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Posted: 5/25/2001 9:05:11 AM EDT
You've probably heard this criticism of the USA's founding fathers: "They were slave owners and they permitted slavery in their new country, therefore their talk about liberty and rights was all meaningless". Dead white males, exploiting "people of color", blah, blah, blah. Certainly, it is true that slavery and its consequences have been a problem throughout American history. But have you ever wondered about the alternative? Suppose that Thomas Jefferson, George Washington, and a few other key founders had said, "This new nation of ours is based on principles of liberty which are completely incompatible with slavery. Therefore, a ban on slavery is going to be a non-negotiable element of our constitution". What do you think the consequences would have been? It's an interesting mental exercise...
Link Posted: 5/25/2001 9:28:39 AM EDT
There are so many avenues to go with this one... My head is starting to hurt. For one thing I would think that racism would be a very minimal issue by now. The down side would be we might have someone in office like Jesse Jackson. Then the real down side would be that I wouldn't have any black rifles in my closet either...[:(]
Link Posted: 5/25/2001 12:02:47 PM EDT
The racial mix of the country today would certainly be different.
Link Posted: 5/25/2001 6:35:53 PM EDT
Link Posted: 5/25/2001 6:55:31 PM EDT
Here's one scenario: The southern states, after some debate, tell Washington, Jefferson and company to take a hike. As a result... The "United" States of America is never born. The northern states form something similar, but the southern states go their own way. As a result... Both sides wind up weakened and the European powers try to manipulate them. As a result... During the Napoleonic wars, the South and Canada, allied with Britain, fight a war with the North, allied with France. As a result...? North America might have returned to British control.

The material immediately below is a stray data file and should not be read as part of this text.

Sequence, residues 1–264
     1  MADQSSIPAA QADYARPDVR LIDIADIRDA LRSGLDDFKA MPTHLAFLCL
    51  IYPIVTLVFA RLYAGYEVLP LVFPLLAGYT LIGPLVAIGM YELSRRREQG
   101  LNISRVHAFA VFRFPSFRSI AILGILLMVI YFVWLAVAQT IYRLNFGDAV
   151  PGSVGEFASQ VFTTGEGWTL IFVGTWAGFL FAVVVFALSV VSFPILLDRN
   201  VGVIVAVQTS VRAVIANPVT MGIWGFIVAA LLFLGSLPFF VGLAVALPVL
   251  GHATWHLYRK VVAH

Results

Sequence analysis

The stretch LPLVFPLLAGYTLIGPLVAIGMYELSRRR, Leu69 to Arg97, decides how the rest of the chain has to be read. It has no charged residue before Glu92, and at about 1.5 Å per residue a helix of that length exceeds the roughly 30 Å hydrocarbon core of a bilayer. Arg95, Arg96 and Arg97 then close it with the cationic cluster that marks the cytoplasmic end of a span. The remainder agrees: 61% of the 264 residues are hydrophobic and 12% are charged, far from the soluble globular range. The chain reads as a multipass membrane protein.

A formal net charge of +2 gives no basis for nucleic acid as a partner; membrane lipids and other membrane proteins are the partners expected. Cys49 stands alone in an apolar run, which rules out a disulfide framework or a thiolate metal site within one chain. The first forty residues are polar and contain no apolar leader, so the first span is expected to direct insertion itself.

Link Posted: 5/26/2001 12:28:41 AM EDT
Just like to point a few things out: 1. The dead white guys who founded this country did not invent slavery. It was the driving force of civilizations economy since recorded history. In all but the last few hundred years or so, every one of our ancestors at some point was enslaved by someone else. 2. Slavery was just beginning to be morally denounced in some places around the world at the time the U.S. was being founded. 3. For much of mankind's history most civilizations that employed slavery, actually used their own people as a source of slaves( or very close relations). 4. Slavery's been around a long time, fortunately mankind finally has evolved enough to understand that slavery is an evil concept, unfortunately it took thousands of years of mistreatment of man by ones fellow man. Amazingly this is a relatively new concept. Even more amazing is the fact that in a little over a hundred years it has been universally denounced. 5. Yes, the U.S.A. was not the first to denounce slavery, but it was not the last. I think our Founding Fathers did an incredible job considering what they started with and what they faced establishing this great nation of ours (try and start a country from scratch sometime, see how long it lasts). It has become fashionable recently to bash our heritage for what the Founding Fathers did'nt do instead of praising them for the incredible things they managed somehow to do. Sorry, but white people have'nt been the dominant civilzing force in the western world long enough to take all the blame for mankinds evil untowards mankind. I'm not denying we've done some shitty things(treatment of Native Americans/African Americans), but so has everybody else. God Bless the U.S.A, may it last a millenia. [%(] [pissed]
Link Posted: 5/27/2001 10:18:59 AM EDT
Notice how African Americans still want reparations for century old wrongs while African conutries, mainly Somalia, still practice slavery. I think it would have been very east to nip in the bud in 1783. They should have just changed slavery to 10 year terms. Not until the cotton gin was invented did slavery become a important economic tool for the nation.
Link Posted: 5/30/2001 9:58:11 AM EDT